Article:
“Never let fear decide your fate…” – from Kill Your Heroes by AWOLNATION

“I get furious at the people I love for no good reason.”

“I am almost always stressed first thing in the morning.”

“My anxiety is keeping me from enjoying the results of my hard work.”

“I spend a lot of my time worrying and being afraid about things that never happen.”

These are quotes from my clients — great, talented, hardworking, thoughtful, successful people. No matter how successful they are, they are human. This means that they feel difficult emotions.

Emotions are a natural and necessary part of life. They add texture and meaning to our experience. Uncomfortable feelings such as fear, anger, sadness, frustration, anxiety, and stress are normal and healthy. When they show up, however, we often feel the need to get rid of them.

We might yell, isolate ourselves, brood, eat, drink, complain, blame, gossip, check email, gaze into our smartphone, or engage in some other behavior in an attempt to avoid feeling discomfort. Many of our habitual responses take a lot of energy and do not yield the results we are looking for. In fact, our familiar ways of dealing with emotional discomfort may even do damage to our relationships or our physical health.

Having simple, concrete, healthy, and effective ways to work with difficult emotions can be a life-changer. We can find greater calm, clarity, and connection right in the midst of internal discomfort. We can discover the authentic confidence to deal with external challenges because we are able to work peacefully with the internal feelings associated with them.

Here are two simple, concrete, healthy, and effective practices for working with the weighty and energetic emotions in our lives.

  1. Pay attention with acceptance. Sit quietly everyday for a few minutes and notice where you feel stuff in your body. A great way to do this is to pay attention to your breath. The goal is not to “clear your mind.” The goal is simply to notice what goes on inside your body. Your attention will wander. When you notice that you are thinking about something and not paying attention to the sensations in your body, just bring your attention back. When you notice something uncomfortable, just notice and accept that this is part of your human experience. With practice, you can learn to accept all kinds of internal experience without needing to treat it as the truth or as a threat.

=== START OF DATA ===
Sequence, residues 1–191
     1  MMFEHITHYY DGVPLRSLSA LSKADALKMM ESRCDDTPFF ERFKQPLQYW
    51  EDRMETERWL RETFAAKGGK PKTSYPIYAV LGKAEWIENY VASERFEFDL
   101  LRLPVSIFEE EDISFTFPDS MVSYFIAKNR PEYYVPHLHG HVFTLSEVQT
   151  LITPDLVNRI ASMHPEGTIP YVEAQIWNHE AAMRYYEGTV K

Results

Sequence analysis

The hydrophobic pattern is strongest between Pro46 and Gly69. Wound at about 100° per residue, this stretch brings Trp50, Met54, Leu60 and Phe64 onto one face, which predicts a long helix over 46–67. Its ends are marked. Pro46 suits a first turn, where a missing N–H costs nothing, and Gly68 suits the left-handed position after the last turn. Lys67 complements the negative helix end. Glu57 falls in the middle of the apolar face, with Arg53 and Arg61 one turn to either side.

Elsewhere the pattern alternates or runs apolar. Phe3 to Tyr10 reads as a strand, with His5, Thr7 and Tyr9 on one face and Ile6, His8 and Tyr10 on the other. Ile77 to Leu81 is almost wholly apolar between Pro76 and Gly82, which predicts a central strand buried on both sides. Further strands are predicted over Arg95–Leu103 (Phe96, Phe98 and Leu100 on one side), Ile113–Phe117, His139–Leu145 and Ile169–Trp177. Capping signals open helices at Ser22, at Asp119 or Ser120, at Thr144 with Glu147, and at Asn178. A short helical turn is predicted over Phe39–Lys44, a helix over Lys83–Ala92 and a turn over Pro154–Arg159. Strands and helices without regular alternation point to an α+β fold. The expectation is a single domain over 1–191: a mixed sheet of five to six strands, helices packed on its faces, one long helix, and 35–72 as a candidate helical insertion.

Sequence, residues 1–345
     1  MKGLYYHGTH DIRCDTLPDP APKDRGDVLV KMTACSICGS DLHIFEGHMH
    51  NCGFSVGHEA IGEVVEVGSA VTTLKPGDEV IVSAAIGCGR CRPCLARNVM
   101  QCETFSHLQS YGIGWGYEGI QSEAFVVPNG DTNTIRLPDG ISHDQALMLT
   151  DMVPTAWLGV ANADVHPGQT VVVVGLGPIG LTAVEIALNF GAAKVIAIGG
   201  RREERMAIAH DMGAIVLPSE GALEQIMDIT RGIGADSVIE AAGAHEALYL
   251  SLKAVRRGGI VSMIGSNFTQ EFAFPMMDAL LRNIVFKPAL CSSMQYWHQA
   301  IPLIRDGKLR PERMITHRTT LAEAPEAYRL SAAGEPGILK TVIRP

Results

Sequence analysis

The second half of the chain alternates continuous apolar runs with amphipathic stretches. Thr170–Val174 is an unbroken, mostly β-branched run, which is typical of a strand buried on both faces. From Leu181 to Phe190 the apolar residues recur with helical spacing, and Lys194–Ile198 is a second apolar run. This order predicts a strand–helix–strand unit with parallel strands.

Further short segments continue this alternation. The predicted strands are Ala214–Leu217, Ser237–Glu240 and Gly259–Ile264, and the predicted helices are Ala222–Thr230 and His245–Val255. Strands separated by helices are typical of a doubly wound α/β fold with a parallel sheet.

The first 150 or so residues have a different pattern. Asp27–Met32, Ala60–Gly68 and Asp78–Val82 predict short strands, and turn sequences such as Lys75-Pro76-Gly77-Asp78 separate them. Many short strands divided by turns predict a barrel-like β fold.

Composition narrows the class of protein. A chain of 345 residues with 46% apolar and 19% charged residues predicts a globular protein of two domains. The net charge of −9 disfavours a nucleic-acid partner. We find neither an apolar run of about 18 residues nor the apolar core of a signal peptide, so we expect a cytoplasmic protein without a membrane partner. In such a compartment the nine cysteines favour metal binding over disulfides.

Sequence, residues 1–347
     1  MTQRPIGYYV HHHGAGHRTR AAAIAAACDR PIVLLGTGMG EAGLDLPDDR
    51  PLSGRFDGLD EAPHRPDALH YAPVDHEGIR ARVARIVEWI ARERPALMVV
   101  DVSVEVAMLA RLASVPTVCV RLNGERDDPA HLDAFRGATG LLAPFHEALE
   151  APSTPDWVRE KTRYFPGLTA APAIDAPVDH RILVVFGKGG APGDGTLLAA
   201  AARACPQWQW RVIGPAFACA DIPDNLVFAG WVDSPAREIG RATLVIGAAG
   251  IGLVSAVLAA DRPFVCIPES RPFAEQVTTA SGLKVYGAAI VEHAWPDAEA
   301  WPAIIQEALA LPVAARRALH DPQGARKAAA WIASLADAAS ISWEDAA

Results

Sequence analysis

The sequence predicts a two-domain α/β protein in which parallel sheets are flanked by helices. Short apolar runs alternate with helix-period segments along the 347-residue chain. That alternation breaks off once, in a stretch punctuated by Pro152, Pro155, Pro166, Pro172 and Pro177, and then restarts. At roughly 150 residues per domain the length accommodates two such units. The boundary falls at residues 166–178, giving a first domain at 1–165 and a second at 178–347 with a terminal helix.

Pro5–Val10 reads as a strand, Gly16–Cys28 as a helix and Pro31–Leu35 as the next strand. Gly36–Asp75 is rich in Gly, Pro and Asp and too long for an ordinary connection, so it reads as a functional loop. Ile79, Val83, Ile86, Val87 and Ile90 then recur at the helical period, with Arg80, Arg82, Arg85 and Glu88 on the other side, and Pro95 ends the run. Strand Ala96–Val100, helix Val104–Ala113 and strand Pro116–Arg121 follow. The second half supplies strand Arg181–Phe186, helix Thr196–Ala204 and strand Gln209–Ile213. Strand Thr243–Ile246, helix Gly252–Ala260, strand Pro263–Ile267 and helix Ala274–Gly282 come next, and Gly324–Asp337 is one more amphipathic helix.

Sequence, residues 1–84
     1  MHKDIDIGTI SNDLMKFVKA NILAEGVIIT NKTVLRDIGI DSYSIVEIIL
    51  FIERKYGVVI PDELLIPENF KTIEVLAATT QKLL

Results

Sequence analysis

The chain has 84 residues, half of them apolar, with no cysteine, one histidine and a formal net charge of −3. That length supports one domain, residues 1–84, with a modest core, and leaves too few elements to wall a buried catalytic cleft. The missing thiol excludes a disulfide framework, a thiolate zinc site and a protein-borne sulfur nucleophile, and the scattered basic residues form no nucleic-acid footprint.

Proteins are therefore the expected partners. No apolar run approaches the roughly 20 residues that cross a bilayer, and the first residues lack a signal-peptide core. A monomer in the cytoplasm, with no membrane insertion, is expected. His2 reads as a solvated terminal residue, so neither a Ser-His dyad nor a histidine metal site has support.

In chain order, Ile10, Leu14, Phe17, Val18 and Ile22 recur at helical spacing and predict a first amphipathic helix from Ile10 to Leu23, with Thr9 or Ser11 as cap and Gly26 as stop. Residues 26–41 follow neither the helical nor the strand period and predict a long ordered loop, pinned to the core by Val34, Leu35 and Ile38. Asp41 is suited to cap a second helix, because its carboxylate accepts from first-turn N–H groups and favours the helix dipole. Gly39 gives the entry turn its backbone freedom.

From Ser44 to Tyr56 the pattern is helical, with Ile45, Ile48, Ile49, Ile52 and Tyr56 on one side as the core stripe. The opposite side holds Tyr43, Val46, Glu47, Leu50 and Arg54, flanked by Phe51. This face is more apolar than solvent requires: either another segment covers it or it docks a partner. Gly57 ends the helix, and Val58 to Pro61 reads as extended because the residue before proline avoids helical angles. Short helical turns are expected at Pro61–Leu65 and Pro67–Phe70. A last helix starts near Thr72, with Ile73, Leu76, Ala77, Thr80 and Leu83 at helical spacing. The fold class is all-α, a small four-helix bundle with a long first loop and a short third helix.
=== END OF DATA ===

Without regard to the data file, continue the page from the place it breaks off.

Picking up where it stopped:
2. When you are feeling a particularly unwanted feeling, try putting your hand gently on your chest in the area you associate with kindness. Practice saying the following to yourself as calmly and sincerely possible.

“This is a feeling.”

“Feelings pass.”

Your name, you have what you need.”

As strange as it might feel at first, it is helpful to actually touch your chest with your hand, to use your first name, and to smile gently as you do this.

The goal is not to get rid of the feeling. The goal is to accept that this feeling is part of life and that you are free to live your life in its presence.

No matter how good your life is, you are going to experience uncomfortable emotions because they are a normal part of being human. It seems that we may as well learn to work with them.

 

Supporting Research

Dundas, I., Binder, P. E., Hansen, T. G., & Stige, S. H. (2017). Does a short self‐compassion intervention for students increase healthy self‐regulation? A randomized control trial. Scandinavian journal of psychology.

Kashdan, T. B., & Rottenberg, J. (2010). Psychological flexibility as a fundamental aspect of health. Clinical psychology review, 30(7), 865-878.

Kross, E., Bruehlman-Senecal, E., Park, J., Burson, A., Dougherty, A., Shablack, H., … & Ayduk, O. (2014). Self-talk as a regulatory mechanism: how you do it matters. Journal of Personality and Social Psychology, 106(2), 304.

Kemp, A. H., & Quintana, D. S. (2013). The relationship between mental and physical health: insights from the study of heart rate variability. International Journal of Psychophysiology, 89(3), 288-296.

Park, D., Yu, A., Metz, S. E., Tsukayama, E., Crum, A. J., & Duckworth, A. L. (2017). Beliefs About Stress Attenuate the Relation Among Adverse Life Events, Perceived Distress, and Self‐Control. Child Development.